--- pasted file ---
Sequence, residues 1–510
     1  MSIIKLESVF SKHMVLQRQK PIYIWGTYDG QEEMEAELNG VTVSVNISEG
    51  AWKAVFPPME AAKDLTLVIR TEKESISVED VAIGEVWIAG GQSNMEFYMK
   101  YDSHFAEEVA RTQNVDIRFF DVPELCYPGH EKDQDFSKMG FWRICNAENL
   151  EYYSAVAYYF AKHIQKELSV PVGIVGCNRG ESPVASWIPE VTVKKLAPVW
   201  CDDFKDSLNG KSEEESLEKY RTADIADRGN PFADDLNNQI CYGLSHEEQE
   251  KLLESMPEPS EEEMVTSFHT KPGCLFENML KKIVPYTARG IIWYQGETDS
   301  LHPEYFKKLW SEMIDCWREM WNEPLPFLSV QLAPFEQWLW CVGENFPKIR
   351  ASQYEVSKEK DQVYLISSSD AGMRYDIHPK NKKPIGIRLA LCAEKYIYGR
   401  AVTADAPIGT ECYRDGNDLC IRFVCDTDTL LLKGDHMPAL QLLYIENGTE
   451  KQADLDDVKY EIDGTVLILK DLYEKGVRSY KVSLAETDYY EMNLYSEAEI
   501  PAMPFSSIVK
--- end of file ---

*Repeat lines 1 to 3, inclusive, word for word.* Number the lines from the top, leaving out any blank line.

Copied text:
Sequence, residues 1–510
     1  MSIIKLESVF SKHMVLQRQK PIYIWGTYDG QEEMEAELNG VTVSVNISEG
    51  AWKAVFPPME AAKDLTLVIR TEKESISVED VAIGEVWIAG GQSNMEFYMK